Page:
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When I first started keeping bees, I approached the activity with as much pragmatism and science as I could muster. I thoroughly read every beekeeping book in my arsenal, cover to cover so as not to miss a thing. I diligently attended every local beekeeping club meeting. I picked the brains of the old-timers and mentors who were willing to listen and be accosted by my questions. Until I actually cracked open the lid of a hot summer hive, I did not understand the magic deep within the darkness of a colony of honeybees.

When my husband and I moved our young family to our current home, we left the hives behind for the interim. It was the middle of the season and their hive was stacked four, soon to be five, supers tall. We didn’t want to disrupt their flow, so to speak, but we failed to tell them we were leaving—and that we’d be back for them, of course. In mid-July, against the odds, our big beautiful hive swarmed, to our sadness and confusion. My mentor laughed upon hearing the story.

“You didn’t tell the bees,” he said. “The old superstition says you have to tell the bees when something big happens—a birth, a death, a marriage, a move. You didn’t tell the bees.”

What I thought was simply an old Appalachian superstition, is in fact, a very old tradition among beekeepers. The concept of “telling the bees” is widespread across cultures all over the world. There are countless other superstitions, myths and legends associated with the honeybee, as well. She has fascinated humans for so long, captivated us with her sweet charms and kept us at arm’s length with her power. Here are a few of my favorite myths, legends and folktales about the honeybee.

Messenger Of The Gods

The ancient Greeks and Romans believed that bees were servants and messengers of the gods and goddesses. The Romans believed that a swarm of bees was to be avoided because while the swarm was on the move, they were the carrying messages and doing the biddings of the gods.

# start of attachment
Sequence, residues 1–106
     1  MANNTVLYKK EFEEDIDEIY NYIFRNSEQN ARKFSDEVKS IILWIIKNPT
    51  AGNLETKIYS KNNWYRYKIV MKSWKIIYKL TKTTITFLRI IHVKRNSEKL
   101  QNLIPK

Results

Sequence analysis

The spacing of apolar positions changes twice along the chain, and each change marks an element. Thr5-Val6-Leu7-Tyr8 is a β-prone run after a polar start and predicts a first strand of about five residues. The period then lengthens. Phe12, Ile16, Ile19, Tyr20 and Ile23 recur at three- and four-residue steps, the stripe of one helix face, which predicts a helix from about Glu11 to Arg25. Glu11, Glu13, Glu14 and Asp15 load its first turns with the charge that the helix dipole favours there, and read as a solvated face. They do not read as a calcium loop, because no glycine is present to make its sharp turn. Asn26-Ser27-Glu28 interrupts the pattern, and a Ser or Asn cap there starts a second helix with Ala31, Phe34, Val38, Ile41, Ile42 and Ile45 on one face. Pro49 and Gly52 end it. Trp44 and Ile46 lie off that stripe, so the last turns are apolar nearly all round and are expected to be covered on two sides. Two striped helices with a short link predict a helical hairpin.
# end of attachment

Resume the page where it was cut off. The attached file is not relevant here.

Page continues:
In ancient Egypt, it was believed that Ra, the sun god, created the honeybee from his tears. The bee was then seen as the messenger of the gods, falling from Ra’s face, down to earth, where she could deliver the messages from the heavens.

The ancient Celts also saw honeybees as messengers between worlds. They considered honeybees bringers of wisdom and revered them for their role in the metaphysical.

Story Of The Stinger

Jupiter, king of the Roman gods, is said to have given the honeybee her stinger, to protect her honey. His wife, Juno, however, insisted there must be payment for this gift of a weapon, so Jupiter gave the stinger with the condition that the bee dies should she use it.

Sacred Honey

Honey played an important role in guiding the ancient Egyptians in the afterlife. Bees, beehives and bee relics, along with honey, were considered funerary gifts for the dead. The Egyptians weren’t the only culture to include honey as a gift or rites of passage for the deceased: the Romans, Hindus and Chinese all had rituals connecting honeybees, honey and death.

Well-Informed Bees

In the most similar tale to the Appalachian one mentioned above, Cornish folklore says that the beekeeper must inform his or her bees of an imminent move (especially not on Good Friday), lest they sting him/her to death. It’s also said you should never swear at your bees, or they will abscond the hive.

Many cultures believe that bees should be informed of their keeper’s death and sung to. It’s also customary to invite them to the funeral and offer them cake or drink from the service.

From Queen To King

Interestingly, but not surprisingly, as cultures around the world excised the role of women in powerful positions and adopted patriarchy, the perspective of the honeybee and her role changed. There was a shift towards calling the queen bee the “king bee;” the belief being that only a male could spearhead and guide such a successful, orderly living system. With that said, the honeybee, and her social dynamic, including the queen bee, have represented the divine feminine, various goddesses, Mother Earth and the nurturing space of the womb in cultures around the world.

Keeping bees is a hobby that centers around the evolution of the self—you may read all the books ever written about keeping honeybees, and you will still always learn something new, see something incredible and experience magic each new season that may never appear in print. The folklore and legends that have followed the honeybee throughout history are a testament to the magic she brings to the human world.

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